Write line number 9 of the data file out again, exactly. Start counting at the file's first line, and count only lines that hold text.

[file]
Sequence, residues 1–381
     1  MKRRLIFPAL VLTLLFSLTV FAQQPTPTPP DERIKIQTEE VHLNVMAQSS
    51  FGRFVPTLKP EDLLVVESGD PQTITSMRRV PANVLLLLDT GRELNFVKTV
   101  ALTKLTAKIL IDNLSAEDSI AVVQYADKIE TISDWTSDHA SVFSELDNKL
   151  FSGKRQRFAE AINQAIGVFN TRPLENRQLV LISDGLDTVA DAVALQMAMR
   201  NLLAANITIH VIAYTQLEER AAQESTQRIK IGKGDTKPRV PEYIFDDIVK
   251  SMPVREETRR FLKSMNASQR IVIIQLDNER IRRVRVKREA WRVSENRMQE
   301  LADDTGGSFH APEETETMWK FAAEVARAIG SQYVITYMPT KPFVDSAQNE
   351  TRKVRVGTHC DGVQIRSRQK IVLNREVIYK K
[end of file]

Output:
   351  TRKVRVGTHC DGVQIRSRQK IVLNREVIYK K